was the tallest, whereas the accession FTC-11 was the smallest (61 cm), the other accessions having moderate plant height type. However, for the six economic characters (fruit length, fruit diameter, fruit wall thickness, placenta weight, number of fruit per plant and fruit yield per plant) the highest fruit length was recorded in FTC-2 (15.2 cm) and least in FTC-6 (3.3 cm). The highest fruit diameter was recorded in FTC-6 (5.2 cm) and least in FTC-3, that is, only 1.8 cm. The highest fruit wall thickness was registered in FTC-6 (3.3 cm) and least in FTC-10 (2.2cm). The highest number of fruit per plant and yield per plant were obtained in FTC-2. The results of correlation analysis among characters are listed in Table 2. Yield per plant was strongly and positively correlated with number of fruit per plant (= 0.949), placenta weight (= 0.563) and fruit length (= 0.489). Fruit diameter and fruit wall thickness were also associated. Both the two characters were correlated to placenta weight. No correlation was showed between plant height and the other characters assessed. The analysis of principal components (PC) indicated that, with three PC, 85% of the total variation was explained (Table 3). 46% corresponded to PC1, which was related with the number of fruits per plant, yield per plant and placenta weight. 24% corresponded to PC2, related with fruit length, fruit diameter and fruit wall thickness. 14% to PC3, related with plant height. The phenotypic divergence was also confirmed through principal component analysis (PCA) pattern in term of spatial distribution. The distribution of each landrace against these two components is presented in Figure 1. The genetic accession FTC-6 was very distinct and formed a separate group. While, except the FTC-2 accession the rest of landraces were closer one to other. Cluster analysis revealed three distinct groups with the no association of the genetic groups with their geographic origins (Figure 2). The first group representing the accessions FTC-7,

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Table 2. Correlation matrix between seven morphologic characters assessed in 11 accessions of pepper ( C.annuum L.).

Fruit length Fruit diameter Fruit wall thickness Placenta weight No of fruits /plant Yield/plant
**: significant at 0.01%.

Plant height 0.079 0.067 -0.062 0.140 0.150 0.112

Fruit length -0.256 -0.122 0.189 0.536** 0.489**

Fruit diameter 0.492** 0.461** 0.274 0.236

Fruit wall thickness

Placenta weight

No of fruits/ plant

0.437** 0.373 0.326

0.641** 0.563**


Table 3. Eigenvalues, eigenvectors, proportion of variation and communality variation estimated for the first three principal components in the 11 landraces of pepper ( C. annuum L.).

Parameter Plant height Fruit length Fruit diameter Fruit wall thickness Placenta weight Nfruits/plant Yield/plant Eigenvalue Proportion of variation (%) Cumulative variance (%)

PC1 0.287 0.444 0.465 0.577 0.839 0.947 0.907 3.252 46.458 46.458

PC2 0.127 0.796 -0.784 -0.597 -0.126 0.227 0.232 1.741 24.876 71.334

PC3 0.926 -0.166 0.065 -0.235 0.160 -0.092 -0.147 1.000 14.287 85.620

FTC-8 and FTC-9 collected from Kairouan with accessions from Bizerte and Sousse regions. While, the second group consists of four populations, two from Kairouan (FTC-10 and FTC-11) and the two others from Cap Bon regions. Therefore, the FTC-6 formed the third group.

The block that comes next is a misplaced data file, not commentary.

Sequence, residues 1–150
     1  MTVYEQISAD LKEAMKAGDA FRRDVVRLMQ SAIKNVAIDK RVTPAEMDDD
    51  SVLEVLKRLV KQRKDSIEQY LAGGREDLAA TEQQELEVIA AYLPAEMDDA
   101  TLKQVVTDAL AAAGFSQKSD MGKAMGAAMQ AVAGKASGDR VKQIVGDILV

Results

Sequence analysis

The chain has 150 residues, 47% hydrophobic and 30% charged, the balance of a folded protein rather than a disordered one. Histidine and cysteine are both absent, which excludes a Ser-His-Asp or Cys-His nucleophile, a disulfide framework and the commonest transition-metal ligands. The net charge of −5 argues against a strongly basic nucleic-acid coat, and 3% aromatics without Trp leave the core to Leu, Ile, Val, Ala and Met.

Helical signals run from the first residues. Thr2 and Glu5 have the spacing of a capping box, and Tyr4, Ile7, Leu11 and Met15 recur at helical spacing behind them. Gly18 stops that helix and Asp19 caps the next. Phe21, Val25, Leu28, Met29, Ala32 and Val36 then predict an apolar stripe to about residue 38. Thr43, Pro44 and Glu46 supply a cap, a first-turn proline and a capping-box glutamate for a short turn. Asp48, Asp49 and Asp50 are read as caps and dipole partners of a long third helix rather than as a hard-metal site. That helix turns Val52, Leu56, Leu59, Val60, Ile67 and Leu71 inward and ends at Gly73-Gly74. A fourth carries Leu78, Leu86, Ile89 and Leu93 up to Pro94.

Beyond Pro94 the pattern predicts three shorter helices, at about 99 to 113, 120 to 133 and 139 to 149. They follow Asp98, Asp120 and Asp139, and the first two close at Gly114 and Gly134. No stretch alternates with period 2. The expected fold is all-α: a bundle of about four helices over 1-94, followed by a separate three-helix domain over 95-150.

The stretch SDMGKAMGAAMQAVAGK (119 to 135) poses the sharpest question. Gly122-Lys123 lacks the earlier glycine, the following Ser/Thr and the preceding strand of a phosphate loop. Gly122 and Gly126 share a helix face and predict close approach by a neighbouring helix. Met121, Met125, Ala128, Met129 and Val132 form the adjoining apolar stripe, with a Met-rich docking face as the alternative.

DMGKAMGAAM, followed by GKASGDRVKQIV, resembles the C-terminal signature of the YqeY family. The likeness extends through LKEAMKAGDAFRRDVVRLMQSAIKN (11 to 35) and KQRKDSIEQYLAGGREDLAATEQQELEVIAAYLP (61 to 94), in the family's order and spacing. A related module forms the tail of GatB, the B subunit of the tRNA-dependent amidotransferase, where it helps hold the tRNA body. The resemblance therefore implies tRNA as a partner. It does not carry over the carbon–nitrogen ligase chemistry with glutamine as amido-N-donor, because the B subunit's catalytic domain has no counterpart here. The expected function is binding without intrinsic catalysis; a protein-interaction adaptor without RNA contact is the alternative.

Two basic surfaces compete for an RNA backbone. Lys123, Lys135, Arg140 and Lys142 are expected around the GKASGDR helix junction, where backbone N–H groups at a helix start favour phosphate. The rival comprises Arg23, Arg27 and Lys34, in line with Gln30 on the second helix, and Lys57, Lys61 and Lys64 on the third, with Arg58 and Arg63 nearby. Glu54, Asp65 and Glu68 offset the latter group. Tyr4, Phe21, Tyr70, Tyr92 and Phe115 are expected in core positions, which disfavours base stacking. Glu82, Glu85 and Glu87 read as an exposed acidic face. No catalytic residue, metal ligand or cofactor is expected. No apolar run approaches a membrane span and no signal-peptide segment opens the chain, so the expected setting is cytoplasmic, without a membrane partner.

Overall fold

DISCUSSION Significant differences were observed among the collected landraces for the majority of characters assessed revealing the presence of genetic diversity. Based on fruit characters, FTC-2 presented the highest value of fruit length, placenta weight, number of fruits per plant and yield per plant. FTC-6 presented the high fruit diameter and fruit thickness values. In contrast, FTC-11 showed the smaller fruit size. In the present study, fruit characters including number of fruits per plant, placenta weight and fruit diameter seem to be more discriminating among accessions. The importance of fruit characters in pepper evaluation has been discussed previously by other authors (Cuartero and Pochard, 1977; Costa et al., 1989). Vegetative characters may also be useful in the distinction of Capsicum landraces (Hosamani et al., 2010; Ortiz et al., 2010). Thus plant height may be good criteria

of selection. Yield per plant in pepper is determined by component traits and is highly complex. Thus, several works have focused on the correlation of morphological characters in C. annuum and various associations between characters have been showed (He and Wang, 1989; Munchi et al., 2000). The highly significant correlations obtained between placenta weight, fruit diameter and placenta weight and fruit wall thickness were in concordance with many previous researches in pepper (Wang Ming, 1988). Accessions showing higher placenta weight may be accumulate higher level of capsaicinoids as they are synthethized in placental tissue (Suzuki and Iwai, 1984). The improvement of placenta weight leads to regenerate great number of placental cells and therefore accumulate increased levels of capsicinoids responsible for the pungent taste. Based on correlations observed, three characters including number of fruits per plant, placenta weight and fruit length were effective on yield. The cluster analysis based on agro-morphological traits assigned the eleven pepper germplasm accessions into three main clusters. A dendogram grouped the pepper accessions into individual groups. The cluster analysis did not separate the germplasm based on their geographical origins. This result is in agreement with findings of Varalakshmi and Harribabu (1991) and Sreelathakumary


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(PC1 and PC2: 71.33%)

PC2 (24.88%)

PC1 (46.46%)

Figure 1. Spatial distribution of 11 landraces of pepper ( C. annuum L.).








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and Rajamony (2004). The results showed that there was high genetic diversity with regard to morphologic and agronomic characters in the pepper collection. The diversity could mainly be attributed to diverse agro-climatic conditions in Tunisia. Accessions from different regions were sometimes closely related and accessions from the same region had different genetic background. The intraregional diversity could be as a valuable source as interregional diversity for pepper improvement. The landraces evaluated in our study were shown to have useful agronomic characteristics which exhibit a higher genetic potentiality. Molecular studies were useful to confirm the genetic diversity based on morphologic characters and to characterize theses landraces for more detailed examination. This may help to emphasize the availability of these genetic resources for future breeding programmes.